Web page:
KANSAS CITY, Mo. - Mike McCarthy never put a whole lot of stock in a perfect season, except as a means of gaining homefield advantage and setting the Green Bay Packers up for another Super Bowl run.
Well, they still have a chance to earn homefield advantage. The perfect season? That's history.
Kyle Orton threw for 299 yards to outduel Aaron Rodgers, and the Kansas City Chiefs rallied behind interim coach Romeo Crennel for a shocking, 19-14 victory yesterday that ended the Packers' 19-game winning streak. It was their first loss since Dec. 19, 2010, at New England.
"I personally always viewed the undefeated season as, really, just gravy," McCarthy said. "The goal was to get homefield advantage and win the Super Bowl. That's what we discussed.
"We were fortunate enough to be in the position to possibly achieve the undefeated season," he added, "but we still have the primary goal in front of us, and that's to get homefield advantage."
Green Bay, playing without leading receiver Greg Jennings and top rusher James Starks because of injuries, can wrap up the No. 1 seed in their final two games against Chicago and Detroit. But the Packers no longer have the pressure of becoming the second team in NFL history to win a Super Bowl with a perfect record, or extending the second-longest winning streak in league history.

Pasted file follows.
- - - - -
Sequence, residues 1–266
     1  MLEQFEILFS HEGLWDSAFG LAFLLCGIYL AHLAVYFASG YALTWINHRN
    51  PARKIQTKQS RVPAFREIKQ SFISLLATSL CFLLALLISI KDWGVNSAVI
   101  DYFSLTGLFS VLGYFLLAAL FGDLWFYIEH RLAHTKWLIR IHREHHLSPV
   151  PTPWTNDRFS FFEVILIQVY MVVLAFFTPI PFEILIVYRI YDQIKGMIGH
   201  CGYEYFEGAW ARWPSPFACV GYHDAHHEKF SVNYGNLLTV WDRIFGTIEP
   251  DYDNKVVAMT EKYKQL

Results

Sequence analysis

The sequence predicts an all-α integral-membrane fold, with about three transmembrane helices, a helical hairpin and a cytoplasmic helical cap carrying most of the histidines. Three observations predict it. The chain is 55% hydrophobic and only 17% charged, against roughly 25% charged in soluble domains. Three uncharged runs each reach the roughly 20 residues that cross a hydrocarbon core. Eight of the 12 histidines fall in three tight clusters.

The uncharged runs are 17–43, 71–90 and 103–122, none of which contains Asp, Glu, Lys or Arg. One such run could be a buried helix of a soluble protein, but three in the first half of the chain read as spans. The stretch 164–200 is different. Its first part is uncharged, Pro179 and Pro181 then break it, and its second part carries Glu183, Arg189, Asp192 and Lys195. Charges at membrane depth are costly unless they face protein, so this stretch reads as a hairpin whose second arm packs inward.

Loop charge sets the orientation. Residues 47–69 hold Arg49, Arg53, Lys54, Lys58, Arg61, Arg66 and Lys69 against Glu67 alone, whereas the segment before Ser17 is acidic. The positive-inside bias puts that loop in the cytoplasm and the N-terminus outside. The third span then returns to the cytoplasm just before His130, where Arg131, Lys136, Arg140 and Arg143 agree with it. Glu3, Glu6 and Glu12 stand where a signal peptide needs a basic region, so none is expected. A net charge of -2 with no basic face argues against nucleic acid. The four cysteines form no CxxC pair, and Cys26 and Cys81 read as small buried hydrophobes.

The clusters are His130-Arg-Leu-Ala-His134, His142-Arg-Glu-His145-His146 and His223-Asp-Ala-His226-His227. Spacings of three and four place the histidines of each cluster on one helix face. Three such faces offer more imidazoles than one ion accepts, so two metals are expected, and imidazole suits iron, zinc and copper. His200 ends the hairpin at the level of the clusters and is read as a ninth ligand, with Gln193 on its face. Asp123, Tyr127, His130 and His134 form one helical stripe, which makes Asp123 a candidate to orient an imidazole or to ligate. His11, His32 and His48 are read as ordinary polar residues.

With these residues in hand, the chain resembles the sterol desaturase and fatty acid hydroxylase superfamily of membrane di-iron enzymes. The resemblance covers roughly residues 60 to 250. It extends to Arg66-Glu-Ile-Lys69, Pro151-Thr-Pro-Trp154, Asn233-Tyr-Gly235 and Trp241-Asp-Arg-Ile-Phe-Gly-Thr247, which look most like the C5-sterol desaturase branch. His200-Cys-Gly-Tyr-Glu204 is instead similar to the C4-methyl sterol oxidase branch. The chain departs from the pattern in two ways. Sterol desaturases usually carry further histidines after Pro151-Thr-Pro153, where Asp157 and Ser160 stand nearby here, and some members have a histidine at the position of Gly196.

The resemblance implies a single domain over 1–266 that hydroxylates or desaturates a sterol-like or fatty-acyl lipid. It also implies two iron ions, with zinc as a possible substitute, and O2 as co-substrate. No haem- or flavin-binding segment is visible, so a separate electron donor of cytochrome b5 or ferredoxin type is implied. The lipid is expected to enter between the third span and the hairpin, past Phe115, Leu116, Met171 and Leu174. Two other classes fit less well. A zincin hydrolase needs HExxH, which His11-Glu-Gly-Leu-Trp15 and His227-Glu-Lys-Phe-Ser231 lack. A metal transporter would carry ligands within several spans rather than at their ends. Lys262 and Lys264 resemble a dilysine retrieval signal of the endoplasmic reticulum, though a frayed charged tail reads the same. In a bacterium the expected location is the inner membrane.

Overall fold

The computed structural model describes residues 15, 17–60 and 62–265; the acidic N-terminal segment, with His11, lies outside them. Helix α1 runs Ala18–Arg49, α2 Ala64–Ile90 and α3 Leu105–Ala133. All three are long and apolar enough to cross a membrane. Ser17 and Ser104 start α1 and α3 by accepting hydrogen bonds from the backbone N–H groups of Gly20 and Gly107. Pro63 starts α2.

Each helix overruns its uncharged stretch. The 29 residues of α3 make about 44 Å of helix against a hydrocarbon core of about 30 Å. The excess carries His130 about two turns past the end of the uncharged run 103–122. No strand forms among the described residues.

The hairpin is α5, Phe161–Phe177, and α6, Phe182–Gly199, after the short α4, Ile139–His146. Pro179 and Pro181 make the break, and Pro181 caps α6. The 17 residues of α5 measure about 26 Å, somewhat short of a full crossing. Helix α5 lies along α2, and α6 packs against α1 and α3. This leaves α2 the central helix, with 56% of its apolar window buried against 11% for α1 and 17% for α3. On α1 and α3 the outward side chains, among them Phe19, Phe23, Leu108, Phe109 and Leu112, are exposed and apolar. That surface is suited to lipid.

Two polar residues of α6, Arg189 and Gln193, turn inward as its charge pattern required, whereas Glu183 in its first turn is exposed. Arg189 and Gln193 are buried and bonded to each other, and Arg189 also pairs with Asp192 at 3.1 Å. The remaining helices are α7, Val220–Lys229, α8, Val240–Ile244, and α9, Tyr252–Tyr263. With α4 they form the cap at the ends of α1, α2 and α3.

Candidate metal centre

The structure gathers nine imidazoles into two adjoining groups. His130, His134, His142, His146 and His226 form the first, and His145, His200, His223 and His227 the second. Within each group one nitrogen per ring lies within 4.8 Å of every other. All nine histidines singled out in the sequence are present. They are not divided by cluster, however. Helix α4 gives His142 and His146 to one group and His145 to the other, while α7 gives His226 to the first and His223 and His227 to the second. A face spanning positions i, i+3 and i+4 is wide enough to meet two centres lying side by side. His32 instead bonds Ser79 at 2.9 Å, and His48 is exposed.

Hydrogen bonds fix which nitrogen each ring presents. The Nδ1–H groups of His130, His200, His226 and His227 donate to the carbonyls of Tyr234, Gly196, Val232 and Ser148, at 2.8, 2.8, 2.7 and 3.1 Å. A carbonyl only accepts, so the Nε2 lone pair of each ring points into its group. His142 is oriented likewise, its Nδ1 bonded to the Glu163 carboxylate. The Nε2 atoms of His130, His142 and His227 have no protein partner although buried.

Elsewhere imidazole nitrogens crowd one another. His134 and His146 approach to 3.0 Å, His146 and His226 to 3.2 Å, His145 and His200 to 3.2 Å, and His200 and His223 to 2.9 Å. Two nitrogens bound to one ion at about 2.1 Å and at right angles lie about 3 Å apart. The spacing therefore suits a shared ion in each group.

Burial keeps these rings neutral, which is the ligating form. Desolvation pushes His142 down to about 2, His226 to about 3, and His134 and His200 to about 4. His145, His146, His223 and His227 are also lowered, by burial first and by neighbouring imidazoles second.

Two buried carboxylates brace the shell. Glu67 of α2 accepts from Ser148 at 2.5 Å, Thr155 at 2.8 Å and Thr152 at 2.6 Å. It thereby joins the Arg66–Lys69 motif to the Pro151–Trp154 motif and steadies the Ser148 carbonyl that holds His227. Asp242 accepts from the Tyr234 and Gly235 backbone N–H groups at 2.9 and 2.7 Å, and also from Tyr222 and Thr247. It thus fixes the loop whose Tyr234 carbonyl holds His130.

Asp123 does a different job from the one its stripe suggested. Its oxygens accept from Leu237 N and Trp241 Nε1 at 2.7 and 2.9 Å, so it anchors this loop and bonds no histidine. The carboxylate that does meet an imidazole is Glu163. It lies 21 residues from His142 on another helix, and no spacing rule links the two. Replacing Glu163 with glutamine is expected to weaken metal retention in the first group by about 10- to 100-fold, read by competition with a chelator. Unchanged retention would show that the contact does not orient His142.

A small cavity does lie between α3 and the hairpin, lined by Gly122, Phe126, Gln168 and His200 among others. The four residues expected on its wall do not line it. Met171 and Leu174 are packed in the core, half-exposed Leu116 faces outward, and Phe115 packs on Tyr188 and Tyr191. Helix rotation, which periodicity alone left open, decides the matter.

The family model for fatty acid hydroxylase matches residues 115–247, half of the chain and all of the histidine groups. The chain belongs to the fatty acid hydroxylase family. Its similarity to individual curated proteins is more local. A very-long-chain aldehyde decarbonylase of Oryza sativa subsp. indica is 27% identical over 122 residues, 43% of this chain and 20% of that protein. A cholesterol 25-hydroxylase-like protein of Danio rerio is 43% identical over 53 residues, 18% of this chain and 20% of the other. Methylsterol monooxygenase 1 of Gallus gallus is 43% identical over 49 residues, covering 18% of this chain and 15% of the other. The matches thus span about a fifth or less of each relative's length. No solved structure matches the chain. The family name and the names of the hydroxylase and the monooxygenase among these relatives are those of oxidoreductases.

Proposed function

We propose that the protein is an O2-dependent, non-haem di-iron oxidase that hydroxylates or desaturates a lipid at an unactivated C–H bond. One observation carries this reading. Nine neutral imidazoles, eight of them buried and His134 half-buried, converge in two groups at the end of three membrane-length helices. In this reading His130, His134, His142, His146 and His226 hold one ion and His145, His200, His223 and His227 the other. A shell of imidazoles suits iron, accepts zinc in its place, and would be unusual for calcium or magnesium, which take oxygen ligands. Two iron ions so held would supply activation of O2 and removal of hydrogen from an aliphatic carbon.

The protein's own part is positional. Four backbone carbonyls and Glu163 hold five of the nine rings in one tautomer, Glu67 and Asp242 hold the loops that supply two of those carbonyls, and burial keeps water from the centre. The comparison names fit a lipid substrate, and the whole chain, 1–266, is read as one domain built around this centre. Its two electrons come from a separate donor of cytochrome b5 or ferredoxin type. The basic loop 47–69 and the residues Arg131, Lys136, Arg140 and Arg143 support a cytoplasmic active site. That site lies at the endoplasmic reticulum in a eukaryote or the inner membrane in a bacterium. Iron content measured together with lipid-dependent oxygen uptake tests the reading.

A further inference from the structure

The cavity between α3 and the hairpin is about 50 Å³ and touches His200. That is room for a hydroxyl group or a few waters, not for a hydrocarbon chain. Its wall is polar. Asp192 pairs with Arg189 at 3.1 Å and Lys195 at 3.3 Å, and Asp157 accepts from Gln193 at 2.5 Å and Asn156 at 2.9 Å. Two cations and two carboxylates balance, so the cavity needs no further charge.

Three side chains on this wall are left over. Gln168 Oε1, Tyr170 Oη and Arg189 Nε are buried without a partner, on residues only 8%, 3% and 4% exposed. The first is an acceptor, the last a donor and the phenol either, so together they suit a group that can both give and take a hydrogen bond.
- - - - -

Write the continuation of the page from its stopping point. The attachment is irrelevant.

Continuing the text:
"I think our ultimate goal is to win a Super Bowl. The next step is getting that No. 1 seed in the playoffs," Rodgers said. "We've got a home playoff game - we've got a bye secured."
Rodgers was 17 of 35 for 235 yards and a TD, and he also scampered 8 yards for another touchdown with 2:12 left in the game. But the Packers (13-1) were unable to recover the onside kick, and KC picked up a couple of first downs to secure the victory.
"They had a good game plan," Rodgers said. "You have to give them credit."
Ryan Succop kicked four field goals for Kansas City (6-8), which had lost five of its last six games and fired coach Todd Haley last Monday. Jackie Battle added a short touchdown plunge with 4:53 left in the game, points that came in handy when Rodgers led one last scoring drive.
"Everybody had marked it off as a win for the Packers, but those guys in the locker room, they're football players," Crennel said. "They decided they were not going to lay down, they were not going to give up, so they went out and played a tremendous game."